In researching good day trip options from Lyon, one stood out from all the rest. A half hour train ride away and named one of France’s most beautiful villages, Perouges is a historic medieval town timelessly preserved. I booked us a 7AM train out of Part Dieu to get us started – an early start for our first full day in Lyon.
Established in the 12th century, the walled city was home to craftsmen largely successful due to the proximity to Lyon and Geneva trade route. While it is a tourist destination, it is without the tchotchke shops and the locals that preserve the town actually live in the town.
We arrived to the Meximieux-Pérouges train station before 8AM and after getting a feel for where we were (we were the only ones that got off the train), we made our way towards Perouges. It was about a twenty minute walk and it was not difficult to navigate (there are many signs) though there is some up hill towards the end as the city center sits up on a hill. It was odd that we did not pass any people but we did pass some sheep along with beautiful vistas of the rolling farm land.
Arriving at the city gates, it was like being transported back in time. I did not know what to expect from a “preserved medieval town” but it was not just stunning but captivating.
We had the entire place to ourselves for over an hour, studying the details on the store fronts, wandering down different alleys, discovering the historical city. It was amazing how preserved and maintained it was – and that people still live there! It was like what medieval times or the renaissance fair tries to achieve but this was the real deal and the authenticity was frozen in time.
Cobblestone on the road was uneven and definitely completed by hand. The stone that created the buildings and the wood shutters gave a romantic and warm feel. The windows and doors were all significantly shorter than modern standards – Kevin would have to duck a little to make it through.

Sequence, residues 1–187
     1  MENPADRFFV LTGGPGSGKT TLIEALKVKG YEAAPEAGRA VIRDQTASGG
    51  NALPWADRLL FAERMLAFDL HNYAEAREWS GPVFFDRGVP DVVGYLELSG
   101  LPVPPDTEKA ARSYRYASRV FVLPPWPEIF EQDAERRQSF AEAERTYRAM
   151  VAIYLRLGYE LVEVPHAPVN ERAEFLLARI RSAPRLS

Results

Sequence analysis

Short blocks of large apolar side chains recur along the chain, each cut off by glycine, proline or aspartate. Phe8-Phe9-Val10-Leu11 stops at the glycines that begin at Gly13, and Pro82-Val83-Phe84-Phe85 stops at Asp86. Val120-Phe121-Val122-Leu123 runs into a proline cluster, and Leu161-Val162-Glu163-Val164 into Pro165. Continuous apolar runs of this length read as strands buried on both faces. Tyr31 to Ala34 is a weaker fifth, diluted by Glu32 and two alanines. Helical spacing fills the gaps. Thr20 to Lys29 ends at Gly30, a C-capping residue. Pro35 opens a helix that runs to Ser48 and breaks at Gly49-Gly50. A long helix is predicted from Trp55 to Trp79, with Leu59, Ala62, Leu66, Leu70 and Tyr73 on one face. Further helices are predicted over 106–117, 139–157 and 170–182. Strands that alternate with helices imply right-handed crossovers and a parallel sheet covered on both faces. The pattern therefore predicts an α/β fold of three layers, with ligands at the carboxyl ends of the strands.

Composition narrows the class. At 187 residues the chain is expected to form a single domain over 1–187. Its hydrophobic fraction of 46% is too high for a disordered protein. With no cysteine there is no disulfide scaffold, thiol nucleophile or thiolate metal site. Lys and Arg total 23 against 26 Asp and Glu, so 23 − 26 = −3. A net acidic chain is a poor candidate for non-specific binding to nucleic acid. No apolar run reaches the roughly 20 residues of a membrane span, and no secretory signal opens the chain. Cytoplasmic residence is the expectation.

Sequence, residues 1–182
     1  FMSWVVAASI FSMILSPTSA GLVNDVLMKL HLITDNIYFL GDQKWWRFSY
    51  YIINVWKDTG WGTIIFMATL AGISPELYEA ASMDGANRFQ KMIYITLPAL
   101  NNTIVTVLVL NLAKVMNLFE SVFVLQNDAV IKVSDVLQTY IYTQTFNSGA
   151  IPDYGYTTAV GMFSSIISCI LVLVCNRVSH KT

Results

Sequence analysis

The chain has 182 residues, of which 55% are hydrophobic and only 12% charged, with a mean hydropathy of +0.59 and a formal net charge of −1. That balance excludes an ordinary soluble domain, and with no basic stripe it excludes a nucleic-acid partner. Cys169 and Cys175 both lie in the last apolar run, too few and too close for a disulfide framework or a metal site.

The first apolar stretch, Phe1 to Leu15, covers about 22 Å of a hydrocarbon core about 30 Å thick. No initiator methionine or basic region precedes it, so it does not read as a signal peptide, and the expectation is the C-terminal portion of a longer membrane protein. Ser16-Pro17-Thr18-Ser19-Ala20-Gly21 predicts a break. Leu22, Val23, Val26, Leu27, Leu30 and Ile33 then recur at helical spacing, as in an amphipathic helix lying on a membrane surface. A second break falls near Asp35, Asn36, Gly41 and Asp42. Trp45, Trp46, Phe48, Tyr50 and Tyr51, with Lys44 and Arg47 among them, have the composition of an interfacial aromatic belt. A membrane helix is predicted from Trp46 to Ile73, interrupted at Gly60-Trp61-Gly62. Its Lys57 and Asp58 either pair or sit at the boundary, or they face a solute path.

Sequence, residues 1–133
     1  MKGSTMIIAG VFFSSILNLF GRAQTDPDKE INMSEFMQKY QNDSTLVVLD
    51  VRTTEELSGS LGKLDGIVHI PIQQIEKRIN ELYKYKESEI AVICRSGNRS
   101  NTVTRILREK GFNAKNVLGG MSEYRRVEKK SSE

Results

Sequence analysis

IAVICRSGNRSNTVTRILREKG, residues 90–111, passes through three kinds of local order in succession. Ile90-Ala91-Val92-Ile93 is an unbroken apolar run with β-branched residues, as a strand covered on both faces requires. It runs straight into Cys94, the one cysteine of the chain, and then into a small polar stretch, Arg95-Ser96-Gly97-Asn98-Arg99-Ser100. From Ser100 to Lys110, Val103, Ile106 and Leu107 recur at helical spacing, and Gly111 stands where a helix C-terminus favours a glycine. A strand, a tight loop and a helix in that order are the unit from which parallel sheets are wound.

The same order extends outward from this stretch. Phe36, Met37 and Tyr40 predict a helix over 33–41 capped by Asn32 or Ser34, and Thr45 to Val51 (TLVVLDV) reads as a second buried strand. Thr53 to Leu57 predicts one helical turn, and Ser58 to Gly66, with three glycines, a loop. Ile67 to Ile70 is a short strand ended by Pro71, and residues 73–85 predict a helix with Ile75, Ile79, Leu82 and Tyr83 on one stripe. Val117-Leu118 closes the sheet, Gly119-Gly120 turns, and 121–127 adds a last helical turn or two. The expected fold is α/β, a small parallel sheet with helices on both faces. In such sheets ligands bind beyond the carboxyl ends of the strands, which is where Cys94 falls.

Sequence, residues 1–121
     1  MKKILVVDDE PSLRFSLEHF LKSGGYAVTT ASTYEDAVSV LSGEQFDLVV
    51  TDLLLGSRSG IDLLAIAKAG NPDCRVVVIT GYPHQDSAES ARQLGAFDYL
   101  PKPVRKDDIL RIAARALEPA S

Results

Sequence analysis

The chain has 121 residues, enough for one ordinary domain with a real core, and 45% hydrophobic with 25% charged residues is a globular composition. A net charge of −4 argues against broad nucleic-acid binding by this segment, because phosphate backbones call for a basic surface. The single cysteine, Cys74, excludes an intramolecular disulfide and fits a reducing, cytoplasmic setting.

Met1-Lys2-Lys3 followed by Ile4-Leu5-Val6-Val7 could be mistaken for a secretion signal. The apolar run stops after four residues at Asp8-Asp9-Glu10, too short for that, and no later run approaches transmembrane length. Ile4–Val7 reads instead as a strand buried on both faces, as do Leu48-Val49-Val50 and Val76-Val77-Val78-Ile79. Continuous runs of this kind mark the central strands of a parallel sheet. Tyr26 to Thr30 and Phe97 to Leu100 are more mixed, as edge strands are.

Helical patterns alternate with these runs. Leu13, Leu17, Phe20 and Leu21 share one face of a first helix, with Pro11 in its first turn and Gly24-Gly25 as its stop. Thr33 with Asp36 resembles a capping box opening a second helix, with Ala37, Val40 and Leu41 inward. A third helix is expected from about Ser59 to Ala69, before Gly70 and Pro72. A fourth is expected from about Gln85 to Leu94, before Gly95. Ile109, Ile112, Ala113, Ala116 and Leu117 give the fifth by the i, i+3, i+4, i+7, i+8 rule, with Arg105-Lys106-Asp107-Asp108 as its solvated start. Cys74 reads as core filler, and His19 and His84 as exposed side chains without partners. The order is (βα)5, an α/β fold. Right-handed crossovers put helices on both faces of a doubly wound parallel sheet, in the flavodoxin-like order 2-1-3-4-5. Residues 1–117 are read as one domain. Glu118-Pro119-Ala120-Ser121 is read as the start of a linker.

After wandering the winding streets, we came to what we figured was the main square. We learned that the inn, Hostellerie du Vieux Perouges, is one of the oldest inns in France and the tree in the middle was planted in 1792 during the French Revolution – hence giving the square the name “LaPlace du Tilleul” – liberty tree!
It was around 9AM we began to notice locals emerge and vehicles enter the city around but town still remained closed. We ended up seeing the entire town in under an hour’s time, taking hundred of photos (perfect with no other people in them). The church was the only thing open so we sat there for awhile, even though it was kind of creepy to be inside. Puzzled with how to proceed, it felt silly to sit a wait.
Once 9:30AM arrived, we were hoping that at least one store would be open but alas, everything remained quiet. There were cars that came through the town so it was evident that there was a start of “opening” but many stores had 10AM or later. The one thing I had star’ed to go to, Ô Galettes de Sophie, did not open until 11AM and waiting two hours didn’t feel right. Oh, and the crepe place just outside the front gate requires three crepe minimum – at least that is how we translated the sign.
The local specialty I was hoping to try was the Galette de Perouges. Created in 1912 and has remained unchanged since its creation, a Galette looks just like a pizza – even cut in slices like a pizza but it is actually sweet. The dough is a brioche and it is topped with butter and sugar before baking to caramelize the sugar. Sounded to me like a great breakfast treat if someone would open.
With really nothing else to do at this time, we decided to make our way back to the train station hoping for a train in the 10oclock hour that could take us back to Lyon giving up more exploration time. On our way out, we heard quite a bit of activity out of one stand. Galettes! My birthday wish was granted. We got to try them after all before heading back to Lyon. A pretty tasty treat and welcomed breakfast snack.
Overall, I think we should have shifted the time we visited Perouges. While it was awesome to see the town completely empty, even an hour would have made a difference. It would have been fun to see the town in action. If you go, it is definitely worth the visit but depending on why you are going, I would recommend going later in the day to get the most activity.
This was a wonderful and easy day trip from Lyon. I just love this dedication to tradition and the commitment against commercialism. I know that is a challenge this day to keep the tourism stream open by tempting visitors with cartooned and exaggerated versions of the real deal (ie no knights walking around) and it really keeps Perouges so special. I can see why is it continually named one of the most beautiful villages in France – there is nothing else like it!